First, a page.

Intro on Heirloom Tomatoes
Heirlooms are any plant that has been grown for at least 50 years commercially or that has been passed down through a family for at least two generations. Heirlooms have many advantages, especially in a given area or region. They are usually very well adapted to their region’s climate and soil, are proven to be resistant to pests in that area, and often provide consistent flavor and sizes in their yields.
Heirlooms also often have a great history and background to them that can be as interested and fun as the tomatoes themselves. They are also open-pollinated, which means they will bear seeds for the next generation’s planting (unlike hybrids).
Top 10 Heirloom Tomatoes for Your Garden
Here are the most popular varieties in North America along with some notes on each to help the gardener know which may be right for them.
1. Beefsteak Tomatoes
These are probably the most common types of heirlooms and the name actually applies to several varieties. When looking for seeds, be wary that this name is often applied to hybrid offspring from beefsteak types. Beefsteaks are very large bearing plants that grow high (4-6 feet) and bear tomatoes of a pound or better in most climates. They are relatively easy to grow, but are very water sensitive and require a consistent watering regimen to stay healthy.
2. Brandywine Tomatoes
Brandywine are relatively large tomatoes with an excellent flavor with a pink hue (red flesh seen through a mostly clear skin). Coming from Ohio, these tomatoes have become widespread and geographic varieties are all over the United States and Canada. This is likely the most well-known heirloom variety and it’s very easy to grow almost anywhere.
3. Cherokee Purple Tomatoes
These are a beefsteak variety with an unusual green shoulder and what in tomato-speak is called black coloring (aka purple) inside. They are very tasty and grow on very large plants with big fruit bearing capabilities. A smaller variety called the Black Pear has the same smoky flavor of the Cherokee’s, but grows on a smaller plant yielding tomatoes of about half the size. Both are easy to grow in most North American climates and are a great heirloom for the beginning gardener.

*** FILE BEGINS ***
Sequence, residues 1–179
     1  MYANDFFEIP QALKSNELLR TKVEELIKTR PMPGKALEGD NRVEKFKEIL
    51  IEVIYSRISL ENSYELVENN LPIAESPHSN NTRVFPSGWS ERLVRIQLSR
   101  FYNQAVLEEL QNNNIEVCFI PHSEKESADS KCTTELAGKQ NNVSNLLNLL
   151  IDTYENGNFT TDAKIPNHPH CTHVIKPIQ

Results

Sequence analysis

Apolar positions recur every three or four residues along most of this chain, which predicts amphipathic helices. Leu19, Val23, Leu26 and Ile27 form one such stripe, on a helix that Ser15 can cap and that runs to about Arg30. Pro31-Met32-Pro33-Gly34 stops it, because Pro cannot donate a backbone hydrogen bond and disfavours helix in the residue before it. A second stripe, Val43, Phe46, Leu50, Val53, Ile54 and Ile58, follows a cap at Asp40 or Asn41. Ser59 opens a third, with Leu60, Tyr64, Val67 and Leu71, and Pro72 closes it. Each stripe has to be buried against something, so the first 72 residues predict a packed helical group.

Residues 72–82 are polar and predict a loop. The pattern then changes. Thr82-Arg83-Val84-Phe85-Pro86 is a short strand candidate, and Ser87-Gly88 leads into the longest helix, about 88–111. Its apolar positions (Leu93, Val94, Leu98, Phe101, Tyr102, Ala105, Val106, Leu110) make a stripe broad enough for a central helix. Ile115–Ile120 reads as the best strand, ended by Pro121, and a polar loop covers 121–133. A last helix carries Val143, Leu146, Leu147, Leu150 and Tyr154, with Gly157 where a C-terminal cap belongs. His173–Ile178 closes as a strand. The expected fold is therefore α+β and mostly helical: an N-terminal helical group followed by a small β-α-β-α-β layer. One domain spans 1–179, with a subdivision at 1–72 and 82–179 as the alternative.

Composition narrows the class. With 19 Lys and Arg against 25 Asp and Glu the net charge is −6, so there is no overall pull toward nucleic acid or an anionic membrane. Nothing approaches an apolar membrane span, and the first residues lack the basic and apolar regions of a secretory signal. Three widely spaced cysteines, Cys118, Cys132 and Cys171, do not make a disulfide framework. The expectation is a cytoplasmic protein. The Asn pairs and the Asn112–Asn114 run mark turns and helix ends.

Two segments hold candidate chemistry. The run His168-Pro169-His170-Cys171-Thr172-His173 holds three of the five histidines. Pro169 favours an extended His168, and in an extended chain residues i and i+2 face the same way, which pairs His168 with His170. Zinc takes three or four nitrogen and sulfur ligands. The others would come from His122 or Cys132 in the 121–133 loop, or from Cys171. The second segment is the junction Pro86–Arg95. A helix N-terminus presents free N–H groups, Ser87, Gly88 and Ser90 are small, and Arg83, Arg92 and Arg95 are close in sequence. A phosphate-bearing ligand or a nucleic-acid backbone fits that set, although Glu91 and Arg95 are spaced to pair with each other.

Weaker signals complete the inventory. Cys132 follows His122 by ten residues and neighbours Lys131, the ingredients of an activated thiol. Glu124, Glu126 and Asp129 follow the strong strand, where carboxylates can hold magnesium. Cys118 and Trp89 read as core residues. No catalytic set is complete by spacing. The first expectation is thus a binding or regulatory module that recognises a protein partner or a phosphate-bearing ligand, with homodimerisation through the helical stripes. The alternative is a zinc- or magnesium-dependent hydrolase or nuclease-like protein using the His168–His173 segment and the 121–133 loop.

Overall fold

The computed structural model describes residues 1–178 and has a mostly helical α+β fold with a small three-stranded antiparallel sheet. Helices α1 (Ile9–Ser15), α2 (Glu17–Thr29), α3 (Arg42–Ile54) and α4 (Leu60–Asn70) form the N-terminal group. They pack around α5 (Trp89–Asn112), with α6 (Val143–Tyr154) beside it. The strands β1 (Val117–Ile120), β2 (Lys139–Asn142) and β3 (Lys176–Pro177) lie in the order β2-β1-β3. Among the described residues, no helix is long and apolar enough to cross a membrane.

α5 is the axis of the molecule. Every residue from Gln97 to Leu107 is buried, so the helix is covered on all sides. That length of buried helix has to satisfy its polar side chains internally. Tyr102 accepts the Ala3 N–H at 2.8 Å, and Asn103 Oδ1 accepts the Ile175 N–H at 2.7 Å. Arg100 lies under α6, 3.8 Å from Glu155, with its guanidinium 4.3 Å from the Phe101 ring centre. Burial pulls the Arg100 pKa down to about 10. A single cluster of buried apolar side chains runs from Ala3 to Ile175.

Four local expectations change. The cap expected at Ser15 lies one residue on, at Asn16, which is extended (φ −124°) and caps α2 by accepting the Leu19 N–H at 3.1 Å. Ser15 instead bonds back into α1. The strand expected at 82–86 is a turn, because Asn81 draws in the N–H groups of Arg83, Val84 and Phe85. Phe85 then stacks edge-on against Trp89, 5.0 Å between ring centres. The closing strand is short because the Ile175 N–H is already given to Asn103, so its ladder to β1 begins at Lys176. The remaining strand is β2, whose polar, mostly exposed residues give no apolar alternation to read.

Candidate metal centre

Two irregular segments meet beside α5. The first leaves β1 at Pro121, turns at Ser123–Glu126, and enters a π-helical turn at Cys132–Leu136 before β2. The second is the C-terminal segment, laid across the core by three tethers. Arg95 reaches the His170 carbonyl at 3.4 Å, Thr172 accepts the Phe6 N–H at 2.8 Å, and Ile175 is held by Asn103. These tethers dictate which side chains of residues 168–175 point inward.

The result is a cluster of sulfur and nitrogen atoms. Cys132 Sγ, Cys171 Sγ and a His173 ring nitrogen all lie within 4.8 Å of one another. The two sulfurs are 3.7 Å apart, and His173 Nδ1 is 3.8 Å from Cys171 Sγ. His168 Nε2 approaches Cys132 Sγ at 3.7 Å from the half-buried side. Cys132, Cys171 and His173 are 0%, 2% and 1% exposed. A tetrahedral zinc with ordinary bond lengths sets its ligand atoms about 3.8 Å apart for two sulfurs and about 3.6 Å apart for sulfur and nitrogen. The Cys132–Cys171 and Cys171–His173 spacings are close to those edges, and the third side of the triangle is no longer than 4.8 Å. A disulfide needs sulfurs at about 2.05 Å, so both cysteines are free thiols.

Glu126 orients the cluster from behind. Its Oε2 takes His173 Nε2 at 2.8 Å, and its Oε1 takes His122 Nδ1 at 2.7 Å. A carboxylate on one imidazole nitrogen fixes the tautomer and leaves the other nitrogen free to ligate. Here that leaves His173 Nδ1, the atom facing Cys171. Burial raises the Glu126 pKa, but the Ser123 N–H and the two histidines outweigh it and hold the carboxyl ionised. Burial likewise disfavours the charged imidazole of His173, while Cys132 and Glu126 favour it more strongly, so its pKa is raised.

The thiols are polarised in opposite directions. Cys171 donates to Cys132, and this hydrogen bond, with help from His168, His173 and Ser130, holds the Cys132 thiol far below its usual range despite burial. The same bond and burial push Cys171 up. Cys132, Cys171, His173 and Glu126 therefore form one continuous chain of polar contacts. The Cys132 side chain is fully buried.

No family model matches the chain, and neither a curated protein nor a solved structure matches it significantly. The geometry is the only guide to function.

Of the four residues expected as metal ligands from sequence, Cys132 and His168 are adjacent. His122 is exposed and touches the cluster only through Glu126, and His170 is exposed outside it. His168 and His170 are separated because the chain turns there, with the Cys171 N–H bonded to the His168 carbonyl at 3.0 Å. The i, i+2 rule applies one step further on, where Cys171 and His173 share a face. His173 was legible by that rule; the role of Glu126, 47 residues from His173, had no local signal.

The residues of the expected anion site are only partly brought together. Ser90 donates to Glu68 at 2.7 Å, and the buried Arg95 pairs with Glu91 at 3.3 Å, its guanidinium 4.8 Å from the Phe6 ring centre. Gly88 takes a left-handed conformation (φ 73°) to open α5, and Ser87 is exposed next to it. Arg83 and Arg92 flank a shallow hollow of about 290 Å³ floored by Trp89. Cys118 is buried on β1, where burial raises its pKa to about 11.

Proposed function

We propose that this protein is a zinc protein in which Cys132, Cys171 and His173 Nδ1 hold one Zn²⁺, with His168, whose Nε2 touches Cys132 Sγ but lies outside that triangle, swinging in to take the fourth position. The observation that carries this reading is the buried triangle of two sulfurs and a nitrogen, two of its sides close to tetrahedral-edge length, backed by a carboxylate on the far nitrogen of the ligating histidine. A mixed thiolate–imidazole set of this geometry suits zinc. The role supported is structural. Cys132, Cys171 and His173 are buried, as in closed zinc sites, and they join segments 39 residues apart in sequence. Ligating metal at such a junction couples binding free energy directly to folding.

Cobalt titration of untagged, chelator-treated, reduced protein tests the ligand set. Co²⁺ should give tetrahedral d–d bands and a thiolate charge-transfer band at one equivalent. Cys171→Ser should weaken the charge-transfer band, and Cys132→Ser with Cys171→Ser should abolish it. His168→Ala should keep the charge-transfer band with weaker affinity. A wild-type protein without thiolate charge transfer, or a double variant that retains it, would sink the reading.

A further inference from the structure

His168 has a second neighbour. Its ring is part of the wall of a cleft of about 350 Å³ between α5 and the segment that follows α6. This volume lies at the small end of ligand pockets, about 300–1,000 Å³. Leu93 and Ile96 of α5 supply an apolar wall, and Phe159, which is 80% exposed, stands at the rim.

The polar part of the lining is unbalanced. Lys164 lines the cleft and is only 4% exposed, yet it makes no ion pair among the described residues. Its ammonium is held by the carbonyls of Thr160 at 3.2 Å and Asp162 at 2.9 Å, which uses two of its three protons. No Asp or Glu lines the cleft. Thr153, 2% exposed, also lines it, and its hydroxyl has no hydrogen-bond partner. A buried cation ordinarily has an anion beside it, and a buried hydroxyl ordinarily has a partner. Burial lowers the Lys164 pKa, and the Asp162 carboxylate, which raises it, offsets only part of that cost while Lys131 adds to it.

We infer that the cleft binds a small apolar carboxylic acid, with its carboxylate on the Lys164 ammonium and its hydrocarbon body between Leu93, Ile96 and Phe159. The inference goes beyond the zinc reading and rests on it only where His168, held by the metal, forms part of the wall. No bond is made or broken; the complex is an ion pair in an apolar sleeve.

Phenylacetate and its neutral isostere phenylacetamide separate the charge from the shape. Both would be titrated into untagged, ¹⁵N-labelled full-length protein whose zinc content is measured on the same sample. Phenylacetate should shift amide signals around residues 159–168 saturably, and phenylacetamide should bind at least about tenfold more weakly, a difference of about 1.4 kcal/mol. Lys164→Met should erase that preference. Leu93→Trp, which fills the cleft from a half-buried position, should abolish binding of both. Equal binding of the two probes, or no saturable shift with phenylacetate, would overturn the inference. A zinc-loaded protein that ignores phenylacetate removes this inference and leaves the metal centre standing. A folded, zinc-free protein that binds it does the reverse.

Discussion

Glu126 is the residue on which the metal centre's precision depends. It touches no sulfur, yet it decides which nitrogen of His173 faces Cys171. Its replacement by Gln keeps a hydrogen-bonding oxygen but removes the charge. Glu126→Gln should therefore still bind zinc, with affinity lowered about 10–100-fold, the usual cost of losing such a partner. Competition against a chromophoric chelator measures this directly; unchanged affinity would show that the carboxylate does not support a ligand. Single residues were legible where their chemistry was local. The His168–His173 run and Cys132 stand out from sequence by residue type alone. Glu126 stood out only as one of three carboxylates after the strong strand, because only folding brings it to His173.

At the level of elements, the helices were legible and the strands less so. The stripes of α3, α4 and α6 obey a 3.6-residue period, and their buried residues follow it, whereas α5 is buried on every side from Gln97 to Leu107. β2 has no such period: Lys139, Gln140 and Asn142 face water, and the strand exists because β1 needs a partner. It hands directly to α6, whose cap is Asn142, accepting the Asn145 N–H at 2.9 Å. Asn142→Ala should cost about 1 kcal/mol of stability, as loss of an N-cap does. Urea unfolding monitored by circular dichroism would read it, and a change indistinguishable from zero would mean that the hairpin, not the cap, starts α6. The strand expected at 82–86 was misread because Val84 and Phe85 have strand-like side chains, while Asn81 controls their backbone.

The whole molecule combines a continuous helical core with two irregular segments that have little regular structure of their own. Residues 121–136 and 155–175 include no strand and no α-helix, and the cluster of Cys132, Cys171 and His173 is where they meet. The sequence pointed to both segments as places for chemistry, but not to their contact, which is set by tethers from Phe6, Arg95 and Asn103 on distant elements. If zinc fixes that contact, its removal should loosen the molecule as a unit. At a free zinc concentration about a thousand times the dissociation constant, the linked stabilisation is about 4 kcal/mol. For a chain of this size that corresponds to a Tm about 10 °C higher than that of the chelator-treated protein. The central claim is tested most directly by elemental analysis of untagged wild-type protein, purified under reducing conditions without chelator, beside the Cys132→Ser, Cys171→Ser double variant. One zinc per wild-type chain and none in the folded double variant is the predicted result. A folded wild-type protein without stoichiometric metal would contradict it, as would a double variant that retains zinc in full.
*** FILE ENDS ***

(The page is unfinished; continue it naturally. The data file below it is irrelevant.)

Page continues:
4. German Stripe Tomatoes
German Stripe are some of the largest tomatoes available, these boat-shaped yellow-gold monsters can be up to two pounds in weight. Pink and red stripes accent the fruit and these are excellent slicing tomatoes for sandwiches and tomato bowl recipes. Easy to grow just about anywhere with a long enough season (up to 120 days).
5. Green Zebra Tomatoes
Green Zebra is a fun variety of green tomato with yellow zebra stripes throughout. These are tart tomatoes that never lose their green coloring (the yellow darkens as the tomato ripens). Very popular amongst picklers and fryers, these tomatoes are relatively easy to grow in most parts of the country.
6. Hillbilly Tomatoes
Hailing from West Virginia (hence the name), these are large, often odd-shaped orange tomatoes with interesting red streaks throughout the flesh. They have a high sugar content and almost fruity flavor and are very popular for salads and to eat raw like apples. They grow well in zones 3-4.
7. Japanese Tomatoes
These tomatoes resemble oversized Romas in look and are popular because of their larger size and sweet flavor. They grow well in warmer areas, but can require some care to yield good fruit. Probably not a good tomato for the beginning gardener.
8. Mexican Tomatoes
Also known as the Red Calabash, these come from Chiapas in Mexico. They are large beefsteaks with a succulent flavor. They are thin-skinned and generally only grow well in the southern states, especially those of the Western U.S.
9. Mortgage Lifter Tomatoes
Mortgage Lifters get their name from the Great Depression when they were grown by a man in West Virginia in order to pay off his mortgage. They began as a beefsteak cross of three or four varieties (German, Italian and English) to create a melting pot beefsteak. They are excellent when eaten roasted and grow well in most of the middle states.
10. Polish Linguisa Tomatoes
Polish Linguisa tomatoes are a variety of tomato that looks more like a red pepper than a tomato. They are very sweet and highly productive, producing a lot of yield during the season. They are great for pastes, sauces and well suited to growing in the Northeast.
Where to Find Heirloom Tomatoes
The best places to find heirlooms are at seed exchanges or through heirloom specific catalog outlets. Most on this list are popular enough that they can be found at a variety of sources and the seeds will not be prohibitively expensive.
Want to learn more about heirloom tomatoes for the garden?
Check out these resources:
Seed Savers Exchange
Heirloom Tomato Varieties
Diversity in a Collection of Heirloom Tomato Varieties from U.S. Department of Agriculture
Michael Elliott says
Witch heirloom tomatoes that has that old fashion flavor like they did in the 40’s, 50’s and the 60’s ?
Andrew Mattson says
Brandywine, for sure.
Nikki Krakauer says
Heirloom Purple Cherokee!!!